The History Of The Miranda Rights
Have you ever wondered how or why the Miranda Rights are named after a girl named Miranda? Well first of all, they’re actually named after a man, Ernesto. Here’s the story:
Back in 1963, Miranda was a suspect in the kidnapping and rape of a Phoenix woman. She did not identify Miranda in a lineup but police interrogated him anyway. The very brief interrogation ended with a confession (that didn’t quite match the victim’s account) from Miranda and was convicted. Eventually, Miranda retracted his confession when he learned that he didn’t have to say anything at all during interrogation. The American Civil Liberties Union backed his appeal – his confession was coerced by the police and he was unaware of his rights.
As a result of this case, the police must now read the Miranda Rights to anyone they arrest. As you are probably aware, the Miranda Rights read as, “You have the right to remain silent. Anything you say can and will be used against you in court. You have the right to an attorney. If you cannot afford an attorney, one will be appointed to you.”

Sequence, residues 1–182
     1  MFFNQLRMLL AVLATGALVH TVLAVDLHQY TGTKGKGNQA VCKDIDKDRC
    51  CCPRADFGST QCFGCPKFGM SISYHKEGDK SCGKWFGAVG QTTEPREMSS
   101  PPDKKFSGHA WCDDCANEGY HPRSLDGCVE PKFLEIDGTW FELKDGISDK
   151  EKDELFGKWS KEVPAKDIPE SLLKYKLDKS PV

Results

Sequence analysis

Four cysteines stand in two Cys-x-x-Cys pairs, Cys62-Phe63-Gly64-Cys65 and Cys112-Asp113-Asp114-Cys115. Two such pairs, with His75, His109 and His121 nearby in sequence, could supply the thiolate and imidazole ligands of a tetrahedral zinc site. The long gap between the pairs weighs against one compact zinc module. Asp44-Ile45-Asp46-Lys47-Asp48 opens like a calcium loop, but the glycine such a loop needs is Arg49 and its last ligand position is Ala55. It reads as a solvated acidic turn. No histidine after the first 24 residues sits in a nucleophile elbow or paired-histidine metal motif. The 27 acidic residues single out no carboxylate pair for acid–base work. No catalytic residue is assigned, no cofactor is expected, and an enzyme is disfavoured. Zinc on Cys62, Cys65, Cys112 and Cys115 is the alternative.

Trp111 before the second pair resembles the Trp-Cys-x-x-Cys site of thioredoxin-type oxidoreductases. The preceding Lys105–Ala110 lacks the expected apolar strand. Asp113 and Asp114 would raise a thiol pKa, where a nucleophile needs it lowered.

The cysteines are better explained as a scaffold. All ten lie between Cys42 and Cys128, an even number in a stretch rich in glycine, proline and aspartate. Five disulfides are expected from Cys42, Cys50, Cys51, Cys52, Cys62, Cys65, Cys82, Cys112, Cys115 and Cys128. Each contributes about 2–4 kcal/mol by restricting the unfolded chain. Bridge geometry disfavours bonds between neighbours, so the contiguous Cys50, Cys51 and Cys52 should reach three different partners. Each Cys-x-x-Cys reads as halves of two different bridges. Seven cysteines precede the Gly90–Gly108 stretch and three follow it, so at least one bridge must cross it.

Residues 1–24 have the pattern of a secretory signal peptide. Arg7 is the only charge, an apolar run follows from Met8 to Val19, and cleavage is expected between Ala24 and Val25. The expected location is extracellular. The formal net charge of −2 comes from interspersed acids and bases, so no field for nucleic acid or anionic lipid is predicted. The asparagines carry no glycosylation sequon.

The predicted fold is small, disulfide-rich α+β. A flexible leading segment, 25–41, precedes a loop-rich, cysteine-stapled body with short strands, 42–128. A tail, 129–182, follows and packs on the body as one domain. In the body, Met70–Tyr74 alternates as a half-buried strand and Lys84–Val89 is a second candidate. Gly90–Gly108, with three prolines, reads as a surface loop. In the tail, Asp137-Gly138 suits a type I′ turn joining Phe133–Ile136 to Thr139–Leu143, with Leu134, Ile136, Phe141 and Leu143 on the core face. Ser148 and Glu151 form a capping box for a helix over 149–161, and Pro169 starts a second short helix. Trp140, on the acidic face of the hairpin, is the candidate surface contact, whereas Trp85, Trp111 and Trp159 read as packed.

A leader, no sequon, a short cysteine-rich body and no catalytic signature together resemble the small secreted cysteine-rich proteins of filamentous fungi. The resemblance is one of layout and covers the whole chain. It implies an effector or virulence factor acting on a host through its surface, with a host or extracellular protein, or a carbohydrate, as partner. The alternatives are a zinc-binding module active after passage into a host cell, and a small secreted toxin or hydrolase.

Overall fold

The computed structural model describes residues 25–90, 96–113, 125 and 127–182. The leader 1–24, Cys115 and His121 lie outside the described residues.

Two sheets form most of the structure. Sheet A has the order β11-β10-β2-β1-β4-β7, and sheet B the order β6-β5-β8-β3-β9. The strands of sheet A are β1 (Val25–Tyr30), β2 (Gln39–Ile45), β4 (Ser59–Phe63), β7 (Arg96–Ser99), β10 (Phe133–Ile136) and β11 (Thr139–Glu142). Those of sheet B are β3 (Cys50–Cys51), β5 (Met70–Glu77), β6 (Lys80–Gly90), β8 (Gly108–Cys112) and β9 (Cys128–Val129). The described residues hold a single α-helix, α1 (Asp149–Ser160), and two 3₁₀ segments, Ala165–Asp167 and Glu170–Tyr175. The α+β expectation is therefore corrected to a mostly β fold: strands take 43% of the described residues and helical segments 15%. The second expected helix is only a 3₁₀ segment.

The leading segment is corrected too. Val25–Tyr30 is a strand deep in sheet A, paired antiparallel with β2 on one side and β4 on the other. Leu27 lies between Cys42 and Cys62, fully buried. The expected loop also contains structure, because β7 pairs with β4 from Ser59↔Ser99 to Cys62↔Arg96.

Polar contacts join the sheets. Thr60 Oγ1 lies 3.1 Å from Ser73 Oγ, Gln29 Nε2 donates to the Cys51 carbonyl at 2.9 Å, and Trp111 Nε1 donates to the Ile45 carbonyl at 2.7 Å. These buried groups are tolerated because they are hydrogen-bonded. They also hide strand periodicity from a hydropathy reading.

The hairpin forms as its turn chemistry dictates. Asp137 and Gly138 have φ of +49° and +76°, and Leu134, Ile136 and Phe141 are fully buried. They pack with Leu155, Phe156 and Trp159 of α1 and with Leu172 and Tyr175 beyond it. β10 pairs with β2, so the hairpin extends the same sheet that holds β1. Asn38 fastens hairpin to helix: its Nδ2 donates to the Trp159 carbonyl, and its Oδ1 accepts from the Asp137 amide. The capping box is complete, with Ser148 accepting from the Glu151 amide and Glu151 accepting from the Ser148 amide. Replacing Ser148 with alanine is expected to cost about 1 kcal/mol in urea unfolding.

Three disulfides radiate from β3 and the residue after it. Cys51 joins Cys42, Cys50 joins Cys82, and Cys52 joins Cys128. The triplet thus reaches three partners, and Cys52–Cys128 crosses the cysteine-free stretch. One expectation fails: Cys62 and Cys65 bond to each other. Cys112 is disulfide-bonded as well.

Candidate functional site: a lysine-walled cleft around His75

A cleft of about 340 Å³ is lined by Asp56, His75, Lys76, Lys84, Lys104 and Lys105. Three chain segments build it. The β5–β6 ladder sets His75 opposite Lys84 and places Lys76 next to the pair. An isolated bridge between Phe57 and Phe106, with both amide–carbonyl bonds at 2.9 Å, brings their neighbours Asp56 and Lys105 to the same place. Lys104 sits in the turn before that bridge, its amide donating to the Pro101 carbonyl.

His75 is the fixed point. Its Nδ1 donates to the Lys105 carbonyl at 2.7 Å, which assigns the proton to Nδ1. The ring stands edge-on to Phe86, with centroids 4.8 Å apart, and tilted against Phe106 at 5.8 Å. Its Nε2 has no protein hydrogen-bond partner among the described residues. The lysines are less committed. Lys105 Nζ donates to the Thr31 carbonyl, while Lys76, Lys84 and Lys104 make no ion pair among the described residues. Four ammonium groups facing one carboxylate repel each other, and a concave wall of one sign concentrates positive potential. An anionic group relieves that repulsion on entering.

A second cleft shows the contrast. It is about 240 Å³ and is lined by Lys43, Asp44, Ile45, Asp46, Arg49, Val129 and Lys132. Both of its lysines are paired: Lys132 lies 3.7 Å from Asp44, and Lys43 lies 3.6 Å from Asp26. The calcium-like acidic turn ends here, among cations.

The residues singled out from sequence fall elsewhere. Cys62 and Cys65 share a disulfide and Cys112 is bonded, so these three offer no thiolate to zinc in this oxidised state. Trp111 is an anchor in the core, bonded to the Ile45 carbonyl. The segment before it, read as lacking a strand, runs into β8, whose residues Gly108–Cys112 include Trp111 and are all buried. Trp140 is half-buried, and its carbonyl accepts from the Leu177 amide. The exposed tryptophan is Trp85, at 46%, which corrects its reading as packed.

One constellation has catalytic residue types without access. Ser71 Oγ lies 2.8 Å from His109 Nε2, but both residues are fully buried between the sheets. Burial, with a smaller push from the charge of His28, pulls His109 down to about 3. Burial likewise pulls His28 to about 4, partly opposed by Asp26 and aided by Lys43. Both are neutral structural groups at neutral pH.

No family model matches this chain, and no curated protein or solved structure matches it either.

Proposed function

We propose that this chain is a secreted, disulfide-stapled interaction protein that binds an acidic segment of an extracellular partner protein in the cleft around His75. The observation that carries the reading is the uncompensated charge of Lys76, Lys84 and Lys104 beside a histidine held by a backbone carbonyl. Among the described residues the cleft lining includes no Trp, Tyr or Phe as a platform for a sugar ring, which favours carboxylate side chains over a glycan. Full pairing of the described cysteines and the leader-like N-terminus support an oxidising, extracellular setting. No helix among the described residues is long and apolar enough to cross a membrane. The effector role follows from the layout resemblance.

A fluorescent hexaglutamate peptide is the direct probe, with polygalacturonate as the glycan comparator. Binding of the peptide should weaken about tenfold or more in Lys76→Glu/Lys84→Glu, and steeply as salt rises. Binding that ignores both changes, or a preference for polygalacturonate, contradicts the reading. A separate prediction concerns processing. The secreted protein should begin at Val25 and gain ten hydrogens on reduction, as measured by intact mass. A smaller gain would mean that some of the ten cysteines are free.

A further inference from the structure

After you have been read your Miranda Rights, have been booked and stood in front of a judge for your bail hearing, you may post bail. You can do this in two ways: deal directly with court and pay them (you will have to pay the whole bail amount before you can be released) or you can hire a bail bondsman from Parkfield Bail Bond Store who you pay 10-15% of your full bail amount over a period of weeks or months, depending on the flexible payment plan you agree to. Consider that the money you pay to court directly can be refunded but the 10-15% you pay the Parkfield Bail Bond Store will not be. Still, it’s likely a bail bond is the better choice for you.